Cystic fibrosis (CF)-related mortality rates declined and the median age of death among CF decedents increased in the United States from 1999 to 2020, according to a study published online Sept. 12 in Scientific Reports.
Harpreet Singh, R.N., from the Medical College of Wisconsin in Milwaukee, and colleagues examined CF-related mortality trends in the United States from 1999 to 2020 using mortality data from the U.S. Centers for Disease Control and Prevention WONDER database.
The researchers found that CF-related age-standardized mortality rates decreased from 1.9 to 1.04 per million population, with a greater reduction seen in recent years. This trend was seen in both sexes. Over time, the median age of death increased from 24 to 37 years. Decreases in mortality rates were seen across sex, White race, non-Hispanic ethnicity, census regions, and urbanization status. Among patients of non-White race and Hispanic ethnicity, trends were not consistent.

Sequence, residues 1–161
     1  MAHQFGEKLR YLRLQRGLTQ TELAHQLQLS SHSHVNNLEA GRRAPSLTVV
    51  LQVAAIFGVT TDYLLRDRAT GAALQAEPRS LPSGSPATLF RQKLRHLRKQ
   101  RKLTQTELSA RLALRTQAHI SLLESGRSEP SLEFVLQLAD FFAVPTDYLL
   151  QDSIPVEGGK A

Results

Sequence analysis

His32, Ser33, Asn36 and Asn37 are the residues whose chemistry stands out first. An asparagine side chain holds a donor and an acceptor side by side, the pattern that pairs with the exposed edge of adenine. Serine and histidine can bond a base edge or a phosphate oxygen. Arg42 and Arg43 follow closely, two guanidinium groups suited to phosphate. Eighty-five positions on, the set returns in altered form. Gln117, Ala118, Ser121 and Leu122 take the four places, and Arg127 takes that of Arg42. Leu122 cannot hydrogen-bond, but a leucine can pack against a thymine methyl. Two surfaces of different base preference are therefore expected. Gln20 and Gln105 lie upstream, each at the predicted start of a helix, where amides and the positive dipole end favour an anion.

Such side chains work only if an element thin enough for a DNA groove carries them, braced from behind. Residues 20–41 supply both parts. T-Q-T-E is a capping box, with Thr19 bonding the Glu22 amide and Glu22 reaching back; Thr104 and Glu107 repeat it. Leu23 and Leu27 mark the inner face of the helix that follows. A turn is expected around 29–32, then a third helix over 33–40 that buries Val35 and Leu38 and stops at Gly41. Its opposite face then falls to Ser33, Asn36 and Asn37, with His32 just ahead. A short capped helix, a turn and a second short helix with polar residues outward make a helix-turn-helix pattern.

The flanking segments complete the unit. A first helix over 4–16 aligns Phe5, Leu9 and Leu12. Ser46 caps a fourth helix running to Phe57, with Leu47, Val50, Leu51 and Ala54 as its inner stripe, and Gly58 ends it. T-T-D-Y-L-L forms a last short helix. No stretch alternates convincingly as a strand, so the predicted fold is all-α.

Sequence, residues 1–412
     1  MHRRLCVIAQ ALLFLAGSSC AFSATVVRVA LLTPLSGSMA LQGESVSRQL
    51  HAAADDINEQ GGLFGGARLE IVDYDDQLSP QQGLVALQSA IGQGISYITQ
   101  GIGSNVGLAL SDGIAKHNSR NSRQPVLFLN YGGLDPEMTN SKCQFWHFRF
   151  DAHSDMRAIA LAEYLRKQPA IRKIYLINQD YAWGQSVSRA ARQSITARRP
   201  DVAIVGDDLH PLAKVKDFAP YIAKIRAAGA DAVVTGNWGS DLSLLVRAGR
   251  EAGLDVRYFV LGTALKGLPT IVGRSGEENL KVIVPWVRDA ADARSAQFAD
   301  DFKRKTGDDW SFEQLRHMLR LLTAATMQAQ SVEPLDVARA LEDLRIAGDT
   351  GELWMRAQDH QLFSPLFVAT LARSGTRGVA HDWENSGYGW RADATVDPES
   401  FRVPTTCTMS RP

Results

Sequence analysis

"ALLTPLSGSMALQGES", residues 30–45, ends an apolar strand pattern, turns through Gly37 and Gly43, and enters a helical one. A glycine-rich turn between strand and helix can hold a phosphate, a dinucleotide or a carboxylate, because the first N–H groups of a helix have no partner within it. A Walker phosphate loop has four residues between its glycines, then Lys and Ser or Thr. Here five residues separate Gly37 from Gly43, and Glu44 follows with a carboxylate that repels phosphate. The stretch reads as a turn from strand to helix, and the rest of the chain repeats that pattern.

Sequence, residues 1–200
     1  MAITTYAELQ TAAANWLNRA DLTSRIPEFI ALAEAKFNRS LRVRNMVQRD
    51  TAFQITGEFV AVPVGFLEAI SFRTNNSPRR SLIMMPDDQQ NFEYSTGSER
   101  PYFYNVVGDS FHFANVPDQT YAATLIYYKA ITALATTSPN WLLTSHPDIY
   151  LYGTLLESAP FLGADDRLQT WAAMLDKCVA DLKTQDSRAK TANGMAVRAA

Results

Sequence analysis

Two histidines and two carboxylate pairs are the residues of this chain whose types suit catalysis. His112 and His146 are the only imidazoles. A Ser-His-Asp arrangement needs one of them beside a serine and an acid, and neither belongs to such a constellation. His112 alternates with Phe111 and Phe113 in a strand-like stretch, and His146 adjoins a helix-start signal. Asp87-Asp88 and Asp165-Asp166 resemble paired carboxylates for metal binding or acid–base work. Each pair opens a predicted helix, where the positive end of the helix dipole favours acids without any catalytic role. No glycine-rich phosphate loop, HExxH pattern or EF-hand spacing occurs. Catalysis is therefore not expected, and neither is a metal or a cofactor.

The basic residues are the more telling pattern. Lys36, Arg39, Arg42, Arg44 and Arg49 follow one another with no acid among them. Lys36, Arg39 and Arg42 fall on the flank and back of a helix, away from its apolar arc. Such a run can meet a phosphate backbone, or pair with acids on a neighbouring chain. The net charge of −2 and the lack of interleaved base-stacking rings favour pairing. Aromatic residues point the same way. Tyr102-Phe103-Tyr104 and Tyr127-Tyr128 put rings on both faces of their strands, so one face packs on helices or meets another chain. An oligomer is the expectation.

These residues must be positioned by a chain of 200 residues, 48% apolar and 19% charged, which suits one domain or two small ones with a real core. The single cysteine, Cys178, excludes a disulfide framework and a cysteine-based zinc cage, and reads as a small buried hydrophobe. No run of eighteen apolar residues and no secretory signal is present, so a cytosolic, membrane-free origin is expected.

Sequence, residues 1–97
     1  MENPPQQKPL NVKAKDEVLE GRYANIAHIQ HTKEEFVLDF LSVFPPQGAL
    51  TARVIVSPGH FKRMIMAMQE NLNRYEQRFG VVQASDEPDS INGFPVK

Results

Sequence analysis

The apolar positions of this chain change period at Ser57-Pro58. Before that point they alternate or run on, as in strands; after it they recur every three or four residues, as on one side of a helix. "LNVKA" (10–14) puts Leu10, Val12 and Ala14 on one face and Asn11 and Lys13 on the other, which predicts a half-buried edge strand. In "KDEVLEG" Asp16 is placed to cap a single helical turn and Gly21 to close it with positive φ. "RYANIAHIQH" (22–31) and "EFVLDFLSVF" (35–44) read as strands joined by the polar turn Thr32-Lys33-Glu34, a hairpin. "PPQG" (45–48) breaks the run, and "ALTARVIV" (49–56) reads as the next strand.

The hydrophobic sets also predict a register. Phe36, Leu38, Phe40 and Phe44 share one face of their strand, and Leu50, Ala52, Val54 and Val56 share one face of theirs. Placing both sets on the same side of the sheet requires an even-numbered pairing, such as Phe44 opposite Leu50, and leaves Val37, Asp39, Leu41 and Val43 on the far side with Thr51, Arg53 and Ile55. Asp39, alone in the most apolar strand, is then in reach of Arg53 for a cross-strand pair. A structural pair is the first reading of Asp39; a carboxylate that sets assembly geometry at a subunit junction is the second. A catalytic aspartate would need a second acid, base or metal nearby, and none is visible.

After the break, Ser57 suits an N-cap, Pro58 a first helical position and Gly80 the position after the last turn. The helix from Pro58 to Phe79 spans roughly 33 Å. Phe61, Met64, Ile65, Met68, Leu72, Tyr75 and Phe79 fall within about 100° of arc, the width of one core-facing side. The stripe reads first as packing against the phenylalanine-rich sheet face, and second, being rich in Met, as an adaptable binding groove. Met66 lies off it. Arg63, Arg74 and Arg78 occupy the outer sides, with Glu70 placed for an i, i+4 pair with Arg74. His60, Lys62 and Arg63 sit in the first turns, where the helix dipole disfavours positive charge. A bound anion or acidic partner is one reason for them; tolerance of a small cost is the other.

The median age of death was lower among women, non-White races, and Hispanic ethnicity. In 2020, severe acute respiratory syndrome coronavirus 2 infection was the primary cause of death in 1.7 percent of CF decedents.
“Due to the observational nature of this data, we are unable to make causal statements about the exact causes of the significant decrease in CF-related mortality recently,” the authors write. “However, a potential contributor to the decreasing CF mortality could be the introduction of cystic fibrosis transmembrane conductance regulator modulator therapy.”
Harpreet Singh et al, Cystic fibrosis-related mortality in the United States from 1999 to 2020: an observational analysis of time trends and disparities, Scientific Reports (2023). DOI: 10.1038/s41598-023-41868-x
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